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The Southside: A little piece of paradise

By on June 22, 2020 in Columnist with 0 Comments
Rod Molzahn

By Rod Molzahn

By 1889/90, all the usable land in the valley bottoms of north central Washington had been claimed, squatted on, homesteaded and settled. 

Some of the last lands to be homesteaded in the Wenatchee area were the southern foothills of Badger Mountain. 

The area was part of the ancestral lands of the Sinkiuse, Moses’ people. Their lands reached from the Rock Island Rapids to Badger Mountain and from the Columbia River to the Moses Lake/Ephrata area. 

The southern foothills of Badger Mountain were the gateway to pastures of natural grass for horses and upper areas where the camas root and bitterroot grew.

Late homesteaders faced the choice between buying land on the valley floors or searching out unclaimed but tillable land farther out. 

One area that gained favor in those years came to be called “Southside.” 

Lindley Hull, in 1929, described this little piece of paradise high up on the south side of Badger Mountain. To reach this country one has to first cross the Columbia from Wenatchee to the East Wenatchee side, “and follow a winding road through deep canyons and around steep hillsides, climbing higher and ever higher until reaching (at about 1,700 feet above the Columbia) the outskirts of a fine, rolling country, not unlike some of the eastern prairies. In size it may be estimated as an average of six miles in width and eight to 10 miles in length. The soil is of good depth and exceedingly fertile.” 

It looked to be the ideal place for dry-land wheat farming and stock raising. Hull added that Southside had the finest view of the Cascade Mountains to be found anywhere.

The first homesteader to settle in Southside was Fred Kamholz in 1886. 

In its July 21, 1926 obituary of Mr. Kamholz, The Daily World remembered that, “At the time Mr. Kamholz located on his ranch he was about the first settler to locate on Badger Mountain. 

“His ranch was the so-called stockman’s paradise, and considered the choicest land in the valley. (Mr. Kamholz) engaged in farming and stock raising, and through industry and thrift he accumulated several hundred acres of land and herds of cattle and horses.”

Kamholz was joined by the Paris Kern family in 1887. Kern began raising cattle, grain and hay. The 1889/90 winter killed most of his cattle. After that, he earned a fine reputation for the Clydesdale work horses he bred and raised.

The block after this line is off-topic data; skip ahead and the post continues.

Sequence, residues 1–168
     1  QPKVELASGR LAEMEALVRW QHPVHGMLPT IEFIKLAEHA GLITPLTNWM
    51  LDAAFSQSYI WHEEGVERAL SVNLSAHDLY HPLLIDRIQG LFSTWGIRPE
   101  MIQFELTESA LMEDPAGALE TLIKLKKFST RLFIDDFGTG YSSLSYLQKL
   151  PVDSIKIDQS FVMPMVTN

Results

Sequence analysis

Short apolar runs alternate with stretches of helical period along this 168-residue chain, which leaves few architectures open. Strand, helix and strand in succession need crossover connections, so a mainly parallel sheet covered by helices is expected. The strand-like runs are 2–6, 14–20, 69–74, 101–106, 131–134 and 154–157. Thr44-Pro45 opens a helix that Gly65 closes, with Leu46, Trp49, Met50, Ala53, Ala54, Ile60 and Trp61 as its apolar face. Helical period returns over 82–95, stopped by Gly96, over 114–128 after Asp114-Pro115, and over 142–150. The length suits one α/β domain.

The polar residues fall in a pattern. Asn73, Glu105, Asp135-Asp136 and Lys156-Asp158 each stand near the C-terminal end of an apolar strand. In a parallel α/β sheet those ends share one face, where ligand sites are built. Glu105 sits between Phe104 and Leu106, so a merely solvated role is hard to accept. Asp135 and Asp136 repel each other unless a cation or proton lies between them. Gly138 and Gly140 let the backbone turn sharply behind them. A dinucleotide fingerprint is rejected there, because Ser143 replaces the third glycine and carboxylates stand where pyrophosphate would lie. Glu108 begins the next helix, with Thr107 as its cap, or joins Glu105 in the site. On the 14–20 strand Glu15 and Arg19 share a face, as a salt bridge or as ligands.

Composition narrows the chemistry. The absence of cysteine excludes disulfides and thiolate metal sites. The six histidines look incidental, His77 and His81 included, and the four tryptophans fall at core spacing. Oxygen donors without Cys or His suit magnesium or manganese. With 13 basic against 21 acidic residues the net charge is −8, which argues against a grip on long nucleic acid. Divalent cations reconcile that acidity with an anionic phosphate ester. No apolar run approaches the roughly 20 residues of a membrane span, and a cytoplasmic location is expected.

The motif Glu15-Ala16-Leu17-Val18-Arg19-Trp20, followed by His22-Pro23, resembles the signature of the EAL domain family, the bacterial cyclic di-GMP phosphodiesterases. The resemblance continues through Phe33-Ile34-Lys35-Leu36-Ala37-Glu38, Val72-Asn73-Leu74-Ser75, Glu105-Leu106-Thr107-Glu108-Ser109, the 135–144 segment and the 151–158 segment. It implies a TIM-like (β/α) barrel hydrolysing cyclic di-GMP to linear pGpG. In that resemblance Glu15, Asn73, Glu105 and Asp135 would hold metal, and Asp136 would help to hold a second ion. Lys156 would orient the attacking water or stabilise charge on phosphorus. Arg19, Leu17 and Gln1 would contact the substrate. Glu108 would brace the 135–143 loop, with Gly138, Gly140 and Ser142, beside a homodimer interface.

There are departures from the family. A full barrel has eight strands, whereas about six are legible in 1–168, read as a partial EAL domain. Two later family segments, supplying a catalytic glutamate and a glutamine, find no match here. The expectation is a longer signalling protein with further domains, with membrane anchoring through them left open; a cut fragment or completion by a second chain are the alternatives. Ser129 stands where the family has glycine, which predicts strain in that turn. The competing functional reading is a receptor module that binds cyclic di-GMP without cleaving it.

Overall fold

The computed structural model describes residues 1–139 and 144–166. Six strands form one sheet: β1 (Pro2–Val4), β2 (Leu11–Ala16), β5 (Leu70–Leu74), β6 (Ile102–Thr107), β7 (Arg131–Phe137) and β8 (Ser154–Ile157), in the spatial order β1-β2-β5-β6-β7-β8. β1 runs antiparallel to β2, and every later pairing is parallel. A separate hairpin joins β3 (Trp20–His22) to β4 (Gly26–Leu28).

The year 1888 was a boom time for Southside. At least five new families began to turn Southside into a community. 

That year, brothers Frank and Wilson Bromiley crossed Colockum Pass and explored the Wenatchee Valley up to the Old Mission area. 

At Brown’s Flat (Monitor), they met Deak Brown who, on learning the brothers were unmarried, expressed his feeling that they should look elsewhere for homesteads since the Wenatchee Valley, “was already too full of bachelors.” 

Perhaps in a search for friendlier neighbors, the Bromileys crossed the Columbia and claimed separate homesteads in Southside.

Frank Bromiley, in later years, described the difficulties of getting their rail car load of wheat crop across the Columbia to the rail terminal at Wenatchee. 

1894 was a record flood year and the cable ferry normally used to move sacks of wheat across the river was out of service because of high water. “I was compelled to move the wheat across the river in a rowboat, with the help of Mr. Patterson (the ferry owner) and Zeb Parrish. From the rowboat we had to pile the sacks on the ground, and from that point carry them to a wagon that could finally reach the warehouse. 

“For all this fun and exercise I received the magnificent sum of 30 cents per bushel, and the gunnysacks cost 10 cents each. But we were young in those days and hardship didn’t count so much.”

William and Ida Ball, with their three sons, claimed a homestead on Southside in 1889 just before the onset of the Hard Winter.